A controversial exhibition which opened in Berlin Thursday on the expulsions of Germans and other Europeans after 1945 has been strongly condemned by Polish leaders.
German protestors also joined in the condemnation of the exhibition in Berlin
Speaking to reporters at the site of the former Nazi concentration camp Stutthof, in present-day northwestern Poland, Polish Prime Minister Jaroslaw Kaczynski called the exhibition "a bad, worrying and sad event" and said: "it is not doing anything positive for Poland, Germany or Europe."
The exhibition called "Paths Unchosen" is organized by the Center Against Expulsions -- a body that is closely linked to the League of German Expellees who represent some 12.5 million Germans who were kicked out from eastern parts of the defeated Third Reich after World War II.
The League, led by Erika Steinbach, a member of Germany's ruling Christian Democratic Party, has stirred anger with plans to set up a permanent expellees' center in Berlin. In recent years, the League has changed its tone, insisting that the center would not only focus on the plight of Germans, but have a European outlook.
Poland says show attempt to rewrite history
Poland's conservative government and many Poles however believe the organization aims to portray Germans as victims of a war they started.
Nazi Germany invaded Poland in September 1939. After Germany's defeat, Poland's borders were redrawn and shifted west and many Germans were forced to flee. Thousands died on the trek from Poland, Hungary and what was then Czechoslovakia.
At the same time, Poles from the east of the country were uprooted from land which became part of the Soviet Union.
Jaroslaw Kaczynski has condemned the exhibition
Kaczynski said the exhibition was an attempt to rewrite history and realized fears in the run-up to the show that it would be seen by Germany's eastern neighbors as a bid to obscure the Nazis' role in World War II and the mass displacement that followed.
"It's an attempt to relativize the history of World War II," he said. "It's important to remember who the murderers were and who the victims," he said.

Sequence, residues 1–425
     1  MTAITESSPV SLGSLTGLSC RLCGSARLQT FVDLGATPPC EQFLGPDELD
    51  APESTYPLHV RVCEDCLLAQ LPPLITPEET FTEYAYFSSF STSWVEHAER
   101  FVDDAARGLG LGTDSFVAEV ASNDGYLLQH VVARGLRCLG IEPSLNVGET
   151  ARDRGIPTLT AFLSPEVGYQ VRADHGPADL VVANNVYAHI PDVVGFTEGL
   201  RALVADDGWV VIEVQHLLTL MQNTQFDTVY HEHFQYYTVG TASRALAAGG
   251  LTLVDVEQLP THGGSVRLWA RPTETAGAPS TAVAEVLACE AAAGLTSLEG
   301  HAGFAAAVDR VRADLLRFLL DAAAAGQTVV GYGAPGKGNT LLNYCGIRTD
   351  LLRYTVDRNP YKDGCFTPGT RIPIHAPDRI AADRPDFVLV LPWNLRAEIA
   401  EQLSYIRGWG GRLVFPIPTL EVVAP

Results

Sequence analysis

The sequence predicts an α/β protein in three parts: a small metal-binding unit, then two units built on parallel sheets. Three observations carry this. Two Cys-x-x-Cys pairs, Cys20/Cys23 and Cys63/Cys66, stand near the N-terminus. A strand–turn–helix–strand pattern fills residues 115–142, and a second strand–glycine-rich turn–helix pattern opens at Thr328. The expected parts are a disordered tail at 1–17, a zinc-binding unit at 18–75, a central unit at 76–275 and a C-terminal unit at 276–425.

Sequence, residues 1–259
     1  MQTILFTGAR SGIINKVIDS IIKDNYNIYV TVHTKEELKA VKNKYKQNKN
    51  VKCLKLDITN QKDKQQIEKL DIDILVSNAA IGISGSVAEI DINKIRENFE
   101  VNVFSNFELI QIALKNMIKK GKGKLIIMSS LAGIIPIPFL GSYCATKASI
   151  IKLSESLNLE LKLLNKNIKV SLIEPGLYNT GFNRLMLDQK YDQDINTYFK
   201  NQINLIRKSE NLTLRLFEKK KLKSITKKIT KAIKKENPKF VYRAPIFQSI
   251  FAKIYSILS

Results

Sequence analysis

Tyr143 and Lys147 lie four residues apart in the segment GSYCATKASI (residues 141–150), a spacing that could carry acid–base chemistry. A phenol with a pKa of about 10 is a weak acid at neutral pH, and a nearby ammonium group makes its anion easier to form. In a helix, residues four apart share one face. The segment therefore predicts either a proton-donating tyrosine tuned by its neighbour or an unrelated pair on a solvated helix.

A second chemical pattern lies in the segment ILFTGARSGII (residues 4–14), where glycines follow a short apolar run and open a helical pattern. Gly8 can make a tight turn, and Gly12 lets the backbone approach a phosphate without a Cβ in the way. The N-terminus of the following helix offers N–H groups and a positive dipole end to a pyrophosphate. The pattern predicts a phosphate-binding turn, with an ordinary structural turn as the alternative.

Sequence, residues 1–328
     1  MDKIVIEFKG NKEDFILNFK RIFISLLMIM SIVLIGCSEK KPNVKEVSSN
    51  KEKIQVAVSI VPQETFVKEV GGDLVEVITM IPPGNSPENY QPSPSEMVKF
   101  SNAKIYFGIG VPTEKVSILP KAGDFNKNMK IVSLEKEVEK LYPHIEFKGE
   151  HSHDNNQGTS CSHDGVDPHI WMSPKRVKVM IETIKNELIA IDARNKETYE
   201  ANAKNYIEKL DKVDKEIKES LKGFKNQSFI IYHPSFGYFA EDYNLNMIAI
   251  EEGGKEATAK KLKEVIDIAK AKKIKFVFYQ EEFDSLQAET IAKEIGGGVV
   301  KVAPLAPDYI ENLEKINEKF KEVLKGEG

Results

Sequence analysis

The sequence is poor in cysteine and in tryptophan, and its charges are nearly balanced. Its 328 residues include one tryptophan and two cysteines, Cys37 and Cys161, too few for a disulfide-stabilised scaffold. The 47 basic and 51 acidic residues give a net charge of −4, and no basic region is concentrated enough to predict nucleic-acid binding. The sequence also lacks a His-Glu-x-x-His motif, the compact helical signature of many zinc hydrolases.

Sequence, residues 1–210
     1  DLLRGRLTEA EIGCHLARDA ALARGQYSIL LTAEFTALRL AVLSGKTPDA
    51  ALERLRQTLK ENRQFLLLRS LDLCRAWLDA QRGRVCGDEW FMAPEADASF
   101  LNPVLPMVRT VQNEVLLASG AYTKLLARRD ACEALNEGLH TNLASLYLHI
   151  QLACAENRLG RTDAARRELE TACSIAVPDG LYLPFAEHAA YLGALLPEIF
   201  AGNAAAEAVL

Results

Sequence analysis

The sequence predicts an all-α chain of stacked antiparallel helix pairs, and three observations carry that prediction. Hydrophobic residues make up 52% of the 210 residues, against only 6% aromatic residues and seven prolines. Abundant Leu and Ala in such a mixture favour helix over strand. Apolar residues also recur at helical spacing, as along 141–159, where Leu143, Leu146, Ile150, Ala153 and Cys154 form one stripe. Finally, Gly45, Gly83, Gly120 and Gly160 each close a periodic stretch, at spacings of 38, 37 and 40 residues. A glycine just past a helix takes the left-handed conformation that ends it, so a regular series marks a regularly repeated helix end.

Organizers stress show's European focus
The planned project of setting up a permanent center for expellees' in Berlin remains a sticking point between Germany and its neighbors, Poland and the Czech Republic. Though the project is bitterly opposed by some German politicians, including former Chancellor Gerhard Schröder, current leader Angela Merkel and her party are in favor of it.
Erika Steinbach is a deeply controversial figure
In an address marking the opening of the exhibition on Thursday, Erika Steinbach said the show was meant to commemorate all the victims of forced expulsion in Europe, not just Germans.
The exhibition gives space to the suffering not only of Germans but of people throughout the continent who were displaced by conflict, including in Poland, the Balkans and Armenia.
At the same time Steinbach said criticism of the project needed to be taken seriously.
"I think it’s necessary for Germans to be aware of these fears and worries," Steinbach said. "There is a need to deal with our history in its entirety, and we are trying to explain it and put the various facets into their proper context," she said.
"And who would deny that the large-scale expulsion of Germans after the Second World War is part of our history? After all almost a quarter of the German population was affected by it, so you can’t really ignore it."
Historian Wilfried Rogasch, who conceived the idea for the exhibition pointed out that the exhibition is not solely a German endeavour.
A photograph displayed at the exhibition
"The individual exhibits on various episodes in European history were put together with the help of foreign historians, including scholars from Poland," Rogasch said. He added that criticism from eastern Europeans who haven't even seen the exhibition simply isn't fair.
But not everyone is convinced.
"It is very dangerous to try to reduce the World War Two history to the problem of expulsions without mentioning the murder of Poles and the Holocaust," Poland's Deputy Foreign Minister Pawel Kowal told Polish news agency PAP.
"Poland is clearly saying 'no' to such attempts (to set up a permanent centre)."
The project also remains deeply controversial within Germany.
Though the exhibition opened Thursday without any untoward incident, a group of demonstrators held up placards opposite the show venue, reading "Against every revisionism of history." The extreme nationalist Polish Youth group also staged a demonstration.
Social Democrat lawmaker Markus Meckel said that it would have been wiser to carry out such a project in consultation with other European countries, notably Germany's eastern neighbors.